There are a number of factors magistrates use when deciding whether or not to be tough on motor offenders, as legal expert Jeanette Miller explains.
Fixed-penalty motoring offences make it easy for the police to deal with misdemeanours without the time, money and effort of a court case.
With fixed penalties, the police can, to some extent, disregard the circumstances of the offence as the penalty is not open to negotiation.
But in court, matters are different: there can be great differences between sentences handed down for what appear to be similar offences.
This is especially the case when it comes to speeding or drink driving.
Minimum and maximum penalties
When a person pleads guilty or is found guilty at court then the sentencing magistrates have very wide powers.
|Speeding - min
|Speeding - max
||£1,000 - £2,500
|Drink-driving - min*
||Up to 12 months
||up to £2,500
|Drink-driving - max**
*Being in charge of a vehicle while above the legal limit or unfit through drink
** Driving or attempting to drive while above the legal limit or unfit through drink
Common aggravating features in drink-driving and speeding cases
If you are sentenced, the court takes into account certain factors as aggravating features which can result in a tougher penalty.
Say you're stopped by the police and you've an alcohol reading of 40mg per 100ml of breath, where the limit is 35mg.
If this is on a quiet road, in dry conditions with no passengers and no other aggravating features you could expect a fine and a disqualification of 12 months.
If you're stopped with the same reading after an accident and you're driving with three kids in the back, expect a community order and a disqualification of up to 28 months.
The community order could involve unpaid work, alcohol counselling or an electronically monitored curfew.
The list below shows the most common aggravating features for driving cases which could result in a longer ban, possible community order or at worst, a prison sentence.
- The level of the alcohol reading.
- The level of speed over the speed limit.
- Involvement in an accident.
- Location: e.g. near a school.
- High level of traffic or pedestrians in the area.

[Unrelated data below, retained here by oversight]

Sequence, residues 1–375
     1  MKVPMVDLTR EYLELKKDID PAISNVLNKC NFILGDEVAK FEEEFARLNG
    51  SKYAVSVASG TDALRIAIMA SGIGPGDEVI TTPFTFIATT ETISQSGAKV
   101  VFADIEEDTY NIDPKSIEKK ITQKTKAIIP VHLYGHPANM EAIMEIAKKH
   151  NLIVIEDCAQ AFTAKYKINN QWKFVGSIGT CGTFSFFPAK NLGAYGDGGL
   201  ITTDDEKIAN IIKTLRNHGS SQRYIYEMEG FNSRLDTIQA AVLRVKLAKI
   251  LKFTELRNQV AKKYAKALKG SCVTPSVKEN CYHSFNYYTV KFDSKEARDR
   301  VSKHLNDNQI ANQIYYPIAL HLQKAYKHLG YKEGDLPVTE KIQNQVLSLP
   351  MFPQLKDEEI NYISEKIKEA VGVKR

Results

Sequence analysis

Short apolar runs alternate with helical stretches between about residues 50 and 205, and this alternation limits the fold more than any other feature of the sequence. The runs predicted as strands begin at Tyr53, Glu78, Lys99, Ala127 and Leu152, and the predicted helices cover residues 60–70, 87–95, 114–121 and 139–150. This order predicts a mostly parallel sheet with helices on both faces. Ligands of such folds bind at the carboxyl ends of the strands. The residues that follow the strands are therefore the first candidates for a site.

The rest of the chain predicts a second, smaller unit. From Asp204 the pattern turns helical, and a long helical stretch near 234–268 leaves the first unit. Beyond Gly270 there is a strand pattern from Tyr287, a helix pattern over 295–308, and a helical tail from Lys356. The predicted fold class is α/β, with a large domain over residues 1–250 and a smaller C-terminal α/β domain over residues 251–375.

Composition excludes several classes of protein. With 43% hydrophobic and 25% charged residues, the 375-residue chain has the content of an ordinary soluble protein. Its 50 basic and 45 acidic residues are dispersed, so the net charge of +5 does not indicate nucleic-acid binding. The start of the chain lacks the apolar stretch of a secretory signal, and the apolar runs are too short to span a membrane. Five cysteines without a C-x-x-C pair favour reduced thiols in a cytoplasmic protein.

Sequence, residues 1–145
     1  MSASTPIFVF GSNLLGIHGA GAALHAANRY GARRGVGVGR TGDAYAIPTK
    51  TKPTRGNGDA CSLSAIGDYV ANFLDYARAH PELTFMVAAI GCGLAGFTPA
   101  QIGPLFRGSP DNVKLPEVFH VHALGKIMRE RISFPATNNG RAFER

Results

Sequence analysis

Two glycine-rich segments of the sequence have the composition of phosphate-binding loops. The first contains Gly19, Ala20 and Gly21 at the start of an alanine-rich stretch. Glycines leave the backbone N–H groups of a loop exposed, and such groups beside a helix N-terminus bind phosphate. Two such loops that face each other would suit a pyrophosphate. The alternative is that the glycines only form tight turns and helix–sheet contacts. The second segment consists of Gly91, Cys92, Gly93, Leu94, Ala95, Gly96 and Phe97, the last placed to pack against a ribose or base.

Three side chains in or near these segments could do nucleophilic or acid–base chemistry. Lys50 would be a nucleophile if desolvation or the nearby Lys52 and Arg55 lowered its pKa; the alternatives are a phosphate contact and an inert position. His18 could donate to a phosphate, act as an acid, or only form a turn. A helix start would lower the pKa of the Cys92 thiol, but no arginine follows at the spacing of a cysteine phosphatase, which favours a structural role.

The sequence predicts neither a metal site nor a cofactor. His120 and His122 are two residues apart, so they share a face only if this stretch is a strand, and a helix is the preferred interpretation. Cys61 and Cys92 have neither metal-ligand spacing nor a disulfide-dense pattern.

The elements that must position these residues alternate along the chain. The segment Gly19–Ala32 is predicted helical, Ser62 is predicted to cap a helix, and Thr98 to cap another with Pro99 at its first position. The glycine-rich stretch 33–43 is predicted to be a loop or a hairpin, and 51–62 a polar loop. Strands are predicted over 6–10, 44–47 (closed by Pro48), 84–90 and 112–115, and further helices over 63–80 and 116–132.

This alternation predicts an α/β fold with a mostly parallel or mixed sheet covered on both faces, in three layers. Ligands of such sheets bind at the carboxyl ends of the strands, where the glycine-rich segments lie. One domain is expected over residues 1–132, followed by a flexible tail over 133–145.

- High speed for speeding offences.
- Driving a large goods vehicle or a passenger-carrying vehicle.
- Driving in poor road conditions.
- Driving in poor weather conditions.
- Carrying passengers or heavy load.
- Driving for hire or reward.
- Evidence of unacceptable standard of driving.
On the other end of the scale are mitigating factors - circumstances that could have the effect of reducing the penalty imposed.
For example, speeding at 40 mph in a 30 mph area past a school at going home time on a wet day could result in four to five penalty points or more.
However, doing the same speed on an industrial estate on a Sunday morning would probably mean just three points.
Other mitigating factors include:
- Genuine emergency established.
- A very short distance driven.
- Drink spiked.
- A greater degree of provocation than normally expected.
- Mental illness or disability.
- Youth or age, where it affects the responsibility of the individual defendant
- The fact that the offender played only a minor role in the offence.
- Genuine remorse.
- Admissions to police in interview.
- Ready co-operation with authorities.
Meet aggravating features head on: don't make it worse!
There are cases when evidence of an aggravating feature cannot be challenged.
In that case it is quite often the best approach to meet the case head on and apologise.
Magistrates will often appreciate defendants at court being realistic. Genuine remorse is a powerful mitigating feature and can often reduce the level of sentence.
It is always advisable to have plenty of mitigation evidence at court if there are any.
Character references and testimonials are always useful as well.